The voices in her head are not her own...
Everyone thinks Sophie’s sister, Nell, went crazy. After all, she heard strange voices that drove her to commit suicide. But Sophie doesn’t believe that Nell would take her own life, and she’s convinced that Nell’s doctor knows more than he’s letting on.
As Sophie starts to piece together Nell’s last days, every lead ends in a web of lies. And the deeper Sophie digs, the more danger she’s in—because now she’s hearing the same haunting whispers. Sophie’s starting to think she’s going crazy too. Or worse, that maybe she’s not…
“Heart-thumping.” —Kirkus Reviews
“Satisfyingly disturbing.” —BCCB
“The perfect mix of horror and psychological thriller. Jaw-dropping.” —Shelf Awareness
About the Author
Read an Excerpt
I’M SUPPOSED TO WONDER WHY Gregor Samsa is a cockroach. Not how. Why. That’s the way Mrs. Dodd says we need to think if we’re going to analyze The Metamorphosis. Otherwise, the how gets distracting. Apparently, Franz Kafka didn’t want us questioning how it’s possible that some guy could wake up one morning as a cockroach. We’re supposed to focus on why he would be a giant, hideous insect, to ask why it had to happen to him and nobody else, to wonder why his family doesn’t care.
It feels pretty familiar, actually: all those why questions, that whole family-not-caring thing. Except that my mom probably wouldn’t notice if I grew antennae and a couple of extra legs, let alone take notice enough to throw apples at me across the dining room table. As much as I want to listen to what Mrs. Dodd is saying about Gregor Samsa and cockroaches, all I can think about is how I wanted my junior year to feel different. Maybe more like it was happening to me and not someone else. Maybe just . . . quieter. Nell was always the outgoing one. I liked being the sister of someone who was popular. It came with fringe benefits. No one teased me if I sat in a corner at lunch with a book, rather than at a table with friends. After Nell went into the hospital, though, everything changed. All of her so-called friends treated her like a leper. And now, I’m someone to be feared by association.
“And what’s the significance of Grete, the sister? Anyone?”
In a way, it’s better. Even if someone tapped me on the shoulder—some bland-looking new girl who didn’t know anything about Nell, someone who didn’t know that my mom drinks like it’s her job, that I can’t talk to my dad about it because I don’t even know who he is and probably never will—and told me she wanted to be my best friend, what would I tell her? That I’m the girl whose sister heard whispers that weren’t quite words, and saw things so dark they took away her light? That she was really good at hiding it from everyone but me? That Nell cut herself and ran away from her institution with some orderly named Adam Newfeld, and that no one saw her again until her body was found in Jerome, Arizona? That the police haven’t found the orderly—who was probably the last one to see her alive—not that they’ve been trying very hard? That when I went to Jerome a week later to see where they found Nell’s body, I felt like I was being watched the whole time, and when I returned to my car, Nell’s journal was lying on the front seat?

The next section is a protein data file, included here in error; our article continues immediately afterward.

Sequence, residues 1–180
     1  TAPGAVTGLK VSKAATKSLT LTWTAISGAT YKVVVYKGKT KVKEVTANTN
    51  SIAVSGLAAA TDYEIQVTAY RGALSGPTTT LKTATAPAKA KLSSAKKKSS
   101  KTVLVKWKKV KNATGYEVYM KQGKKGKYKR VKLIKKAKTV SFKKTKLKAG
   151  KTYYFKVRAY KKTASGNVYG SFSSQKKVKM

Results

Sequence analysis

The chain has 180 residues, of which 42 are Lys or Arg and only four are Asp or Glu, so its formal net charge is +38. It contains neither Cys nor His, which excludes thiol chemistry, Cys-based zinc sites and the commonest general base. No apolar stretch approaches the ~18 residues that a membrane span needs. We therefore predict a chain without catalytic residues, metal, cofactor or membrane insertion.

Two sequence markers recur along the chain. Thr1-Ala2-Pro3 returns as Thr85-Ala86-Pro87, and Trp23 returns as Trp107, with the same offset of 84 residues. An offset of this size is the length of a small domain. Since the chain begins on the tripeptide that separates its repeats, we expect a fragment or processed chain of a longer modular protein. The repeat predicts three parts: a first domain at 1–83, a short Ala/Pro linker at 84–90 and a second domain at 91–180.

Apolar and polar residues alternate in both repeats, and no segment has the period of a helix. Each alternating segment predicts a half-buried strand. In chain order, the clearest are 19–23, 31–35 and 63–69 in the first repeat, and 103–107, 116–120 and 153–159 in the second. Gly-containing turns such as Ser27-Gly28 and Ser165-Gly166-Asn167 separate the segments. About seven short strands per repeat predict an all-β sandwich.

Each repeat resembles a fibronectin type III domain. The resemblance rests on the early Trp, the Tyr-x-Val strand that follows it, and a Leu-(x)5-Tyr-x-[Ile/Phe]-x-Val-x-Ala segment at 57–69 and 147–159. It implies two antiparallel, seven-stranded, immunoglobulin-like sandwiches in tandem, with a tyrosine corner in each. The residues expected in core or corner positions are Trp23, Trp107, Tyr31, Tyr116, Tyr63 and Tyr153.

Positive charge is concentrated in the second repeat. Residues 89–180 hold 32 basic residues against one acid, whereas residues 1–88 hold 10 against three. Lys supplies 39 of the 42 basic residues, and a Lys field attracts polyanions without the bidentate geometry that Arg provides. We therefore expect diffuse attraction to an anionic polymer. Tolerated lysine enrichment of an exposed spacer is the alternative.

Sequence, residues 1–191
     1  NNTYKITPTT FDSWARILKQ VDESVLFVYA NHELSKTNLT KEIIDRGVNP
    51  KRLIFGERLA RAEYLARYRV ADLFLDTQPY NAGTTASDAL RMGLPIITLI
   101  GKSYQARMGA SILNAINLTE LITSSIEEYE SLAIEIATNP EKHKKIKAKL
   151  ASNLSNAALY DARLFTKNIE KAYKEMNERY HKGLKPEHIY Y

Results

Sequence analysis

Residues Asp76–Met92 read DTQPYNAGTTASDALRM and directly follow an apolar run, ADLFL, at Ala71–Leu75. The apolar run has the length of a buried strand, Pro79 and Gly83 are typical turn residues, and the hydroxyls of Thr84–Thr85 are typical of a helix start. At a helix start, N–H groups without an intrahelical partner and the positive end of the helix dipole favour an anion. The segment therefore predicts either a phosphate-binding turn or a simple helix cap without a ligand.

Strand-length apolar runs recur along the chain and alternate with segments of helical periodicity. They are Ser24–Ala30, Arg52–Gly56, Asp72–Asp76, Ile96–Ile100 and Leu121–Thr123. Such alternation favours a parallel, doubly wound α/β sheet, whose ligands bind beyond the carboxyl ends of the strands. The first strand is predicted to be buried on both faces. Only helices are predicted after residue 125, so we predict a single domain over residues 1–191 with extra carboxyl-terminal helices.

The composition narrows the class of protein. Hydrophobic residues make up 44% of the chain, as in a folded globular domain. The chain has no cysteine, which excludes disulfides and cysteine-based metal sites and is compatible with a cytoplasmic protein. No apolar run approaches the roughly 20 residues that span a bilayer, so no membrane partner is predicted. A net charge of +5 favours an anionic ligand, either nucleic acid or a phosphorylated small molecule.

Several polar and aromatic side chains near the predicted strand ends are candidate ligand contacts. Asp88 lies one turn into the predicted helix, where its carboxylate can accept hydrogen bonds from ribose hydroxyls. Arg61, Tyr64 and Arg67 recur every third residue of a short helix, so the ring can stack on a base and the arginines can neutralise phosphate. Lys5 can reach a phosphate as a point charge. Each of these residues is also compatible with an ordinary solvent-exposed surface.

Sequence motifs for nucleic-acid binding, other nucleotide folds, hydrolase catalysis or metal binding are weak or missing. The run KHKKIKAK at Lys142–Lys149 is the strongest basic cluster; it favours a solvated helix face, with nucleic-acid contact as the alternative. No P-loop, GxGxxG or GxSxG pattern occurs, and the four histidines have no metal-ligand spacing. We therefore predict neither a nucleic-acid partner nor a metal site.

“Why does Kafka pay so much attention to the father figure? Come on. Someone knows.”
Or best yet, would I tell this pretend friend of mine that I’m starting to hear things too, just like Nell did before she got worse? Would I tell her about the thing in the mirror from that night?
“Sophie? You look deep in thought. Why don’t you share what’s on your mind?”
“The voice,” I say.
I hear shuffling behind me. A chair creaks under shifting weight. Someone snickers. I swear I hear “freak” coughed. It wouldn’t be the first time.
“Hmm, can you expand on that a little?” Mrs. Dodd’s face is puckered with concern.
She thinks I’m getting at something and wants to get there with me. I swear Mrs. Dodd would take anything I said as gospel. She always gives me credit for understanding more than I do. Why she thinks I’ve got so much figured out is beyond me.
I take a stab at it. “Er, uh, the voice is important for explaining . . . his anger?” Gregor seems mad enough. I mean, if I woke up tomorrow and I was a giant insect, I’d be a little more than pissed.
Still, I wonder if it’s worse to wake up and realize that your sister’s dead, or that you’ll probably wind up just like her. I wonder if that’s not a hundred times worse.
“Okay . . . ” Mrs. Dodd seems to chew on my words for a minute, then she swallows. Inspiration arrives. “Yes. Okay, anger. Absolutely. And this is the root of Kafka’s imagery. Very good. Now, who can take it from here?”
Sure, why not? Anger’s at the root of a lot of things.
That’s when a memory grips me like a cramp, taking over my body and making me focus on that one singular pain. It’s in reaction to a word: “root.”
Every part of me remembers the tree roots bulging from the ground in Jerome. The roots of the tree that held Nell upside down amid its high, sprawling limbs until the elderly sheriff found her. She was in a position so unnatural that I still can’t fully believe the report. But what I remember most is the feeling of my foot curving over the root of that goddamned tree.
I shudder, knocking my copy of Franz Kafka’s Collected Works to the floor with a thud loud enough to attract the attention of the entire classroom. The snickering resumes. I look around, but nobody looks back. Like they’re afraid I’ll turn them to stone.